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Coming Full Circle

New exhibition marks Dupont
artist’s return to painting

Straub’s ‘Circle of Life’ show
draws on religious influences

By Lela Jane Bradshaw
Contributing Writer

(July 2012) – When Gigi Straub left public health nursing 15 years ago to focus on massage, she expected that her change in career would offer her more opportunities to paint. However, her successful Madison, Ind., business, Complementary Health Therapeutic Massage, quickly began taking up her time and energy. While Straub, 51, of Dupont, Ind., presented a few art shows after opening her company, for many years it seemed that life was taking her down a different road.

Gigi Straub

Photo by Lela Jane Bradshaw

Madison artist
Gigi Straub says
her art is inspired
by the Mandala.

“After 10 years I didn’t think I was going to be painting anymore,” she reflects.
Then, this past November, Straub “woke up about 2 o’clock in the morning” with her mind filled with the images that would inspire her new show. She quickly began work on three pieces that very month.
However, her painting then hit a dry spell and Straub began to fear that she would be unable to realize her plans for an exhibition. Then in April, Straub was talking with fellow artist and friend, Anne Farnsley, whose advice helped to get her back at the canvas. She recalls the thrust of their conversation as being “you just need to get out of your ego and follow spirit.”
“I’ve been painting pretty solid all through May, June,” Straub says, adding that she has been working on up to eight paintings at once during this creative period. “It’s been a fun ride!”
Straub’s exhibition, “Circle of Life,” will open with a reception on July 27 beginning at 4 p.m. as part of downtown Madison’s “Fourth Friday” series of events. The show will include 27 new works by Straub. The exhibit will mark the first show at the new Carlson Atelier Fine Art Gallery at 301 Jefferson St. in downtown. The opening will give the public a chance to meet the artist and enjoy the musical talents of John Scheckler on the dulcimer.
Straub says that the evening will be something of a block party since during the reception visitors will be invited to walk across the street to “Complementary Health,” where Cara Stillwell will be setting up with her handcrafted jewelry and offering free chair massages.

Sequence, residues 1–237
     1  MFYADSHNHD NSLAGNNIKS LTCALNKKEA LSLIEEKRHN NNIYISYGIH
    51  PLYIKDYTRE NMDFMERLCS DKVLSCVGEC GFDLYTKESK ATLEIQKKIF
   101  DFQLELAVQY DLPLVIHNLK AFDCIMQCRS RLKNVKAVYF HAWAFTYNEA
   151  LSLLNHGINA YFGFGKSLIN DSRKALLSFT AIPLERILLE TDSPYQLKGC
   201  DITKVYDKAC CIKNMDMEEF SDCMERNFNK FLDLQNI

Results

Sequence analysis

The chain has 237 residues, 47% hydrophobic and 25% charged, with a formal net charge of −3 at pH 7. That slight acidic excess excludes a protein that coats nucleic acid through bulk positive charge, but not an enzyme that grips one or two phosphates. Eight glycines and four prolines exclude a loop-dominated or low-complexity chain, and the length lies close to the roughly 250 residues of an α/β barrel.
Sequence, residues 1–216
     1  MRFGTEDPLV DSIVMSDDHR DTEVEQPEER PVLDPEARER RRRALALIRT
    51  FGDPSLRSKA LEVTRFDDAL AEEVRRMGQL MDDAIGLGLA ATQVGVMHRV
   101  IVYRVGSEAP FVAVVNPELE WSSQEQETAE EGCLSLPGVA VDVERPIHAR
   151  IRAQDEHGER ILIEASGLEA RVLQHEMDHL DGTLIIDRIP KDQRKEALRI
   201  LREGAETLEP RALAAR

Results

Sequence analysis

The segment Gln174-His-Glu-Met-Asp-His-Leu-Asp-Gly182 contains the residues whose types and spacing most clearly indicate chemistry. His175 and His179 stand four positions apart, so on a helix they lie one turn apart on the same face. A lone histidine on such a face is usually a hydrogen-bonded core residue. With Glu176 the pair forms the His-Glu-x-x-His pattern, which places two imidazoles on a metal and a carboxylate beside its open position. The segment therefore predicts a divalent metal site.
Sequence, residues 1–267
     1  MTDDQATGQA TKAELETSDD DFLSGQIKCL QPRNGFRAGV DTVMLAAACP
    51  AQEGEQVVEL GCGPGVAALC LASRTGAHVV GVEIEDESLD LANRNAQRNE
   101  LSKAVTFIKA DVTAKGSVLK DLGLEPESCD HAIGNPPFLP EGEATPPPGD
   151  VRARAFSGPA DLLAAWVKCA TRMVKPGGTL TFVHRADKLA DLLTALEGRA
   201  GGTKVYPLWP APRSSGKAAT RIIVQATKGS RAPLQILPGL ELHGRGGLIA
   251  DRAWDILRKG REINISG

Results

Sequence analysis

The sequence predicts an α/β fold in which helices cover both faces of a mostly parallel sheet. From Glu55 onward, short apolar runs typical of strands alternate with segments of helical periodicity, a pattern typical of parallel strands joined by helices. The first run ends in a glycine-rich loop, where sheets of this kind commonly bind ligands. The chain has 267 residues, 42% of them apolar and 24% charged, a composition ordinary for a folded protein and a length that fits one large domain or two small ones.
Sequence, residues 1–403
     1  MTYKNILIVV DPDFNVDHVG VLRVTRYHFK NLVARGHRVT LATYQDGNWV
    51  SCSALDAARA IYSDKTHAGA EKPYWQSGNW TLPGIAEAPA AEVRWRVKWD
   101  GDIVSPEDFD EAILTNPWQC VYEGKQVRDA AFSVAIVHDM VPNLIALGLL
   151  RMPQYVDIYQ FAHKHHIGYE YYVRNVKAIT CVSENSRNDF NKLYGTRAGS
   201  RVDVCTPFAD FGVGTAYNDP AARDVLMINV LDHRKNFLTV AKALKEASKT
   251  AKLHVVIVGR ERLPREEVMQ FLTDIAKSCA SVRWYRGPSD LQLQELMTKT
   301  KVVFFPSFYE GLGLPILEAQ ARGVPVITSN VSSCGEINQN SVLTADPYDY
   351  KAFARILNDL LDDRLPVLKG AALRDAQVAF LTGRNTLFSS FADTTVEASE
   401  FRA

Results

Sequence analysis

“Circle of Life” will remain open through August from 4-7 p.m. Tuesday through Friday, and 11 a.m. to 4 p.m. Saturdays. The Carlson Atelier Fine Art Gallery marks a new venture for Kevin Carlson, who has owned Carlson Art and Sign for 26 years. As a painter and art instructor himself, Carlson said he looks forward to welcoming other artists to show their work at the gallery.
“Circle of Life” will present artworks showing variations on the Mandala form. Straub explains simply that, “Mandala just basically means circle.” She notes that those most famous for working with the Mandala are Buddhist monks who create intricate sand paintings that are a “type of art that is very prayerfully done.” She notes that her pieces are meant “to be a prayer for the earth, for nature, the animals, and humanity.”
Straub works in mixed media with her pieces incorporating “everything from acrylic, pen and ink, glitter, gels and glass beads.”
She describes the appeal of using several different mediums in one work of art saying, “It’s easier for me – if I want to get something really fine, and the smallest brush isn’t going to cut it, I’ll just use pen and ink.”
She also uses collage to add a three dimensional aspect to the pieces. This flexibility allows Straub to more accurately realize her own vision in her work. “The glitter is just fun,” she notes with a smile.
Straub believes that her work will appeal to a wide range of people. While she hopes that her pieces will inspire “anybody who considers themselves on a spiritual journey,” she also believes that the works will be appreciated by anyone with a love of color. “If they like color, they will like my show.”
Carlson described the vibrancy of Straub’s work saying, “She uses a lot of bright colors” and highlights the “metaphysical, mystic” influences behind the pieces.
Straub stresses that she is more concerned with creating an “experience for the viewer” rather than imposing her own interpretations on her paintings. To this end, no titles will be displayed on the pieces and there will be no written artist statement presented as part of the show.
While during the process of painting Straub did a great deal of research into the different symbolic meanings behind the animals and colors she includes on her canvases, she does not expect those symbols to necessarily mean the same things to her viewers as they do to her. In fact, that is part of the point of her work. She hopes that the pieces will inspire her audience to create their own meanings and stories behind the paintings.
To Straub a successful piece of art is “something that’s going to make me think and form my own story for what the art is – something that if I was to take it home, I could hold my grandchildren on my lap and tell a hundred different stories.”

• For more information on the Carlson Atelier Fine Art Gallery, call Kevin Carlson at 812-701-3993.

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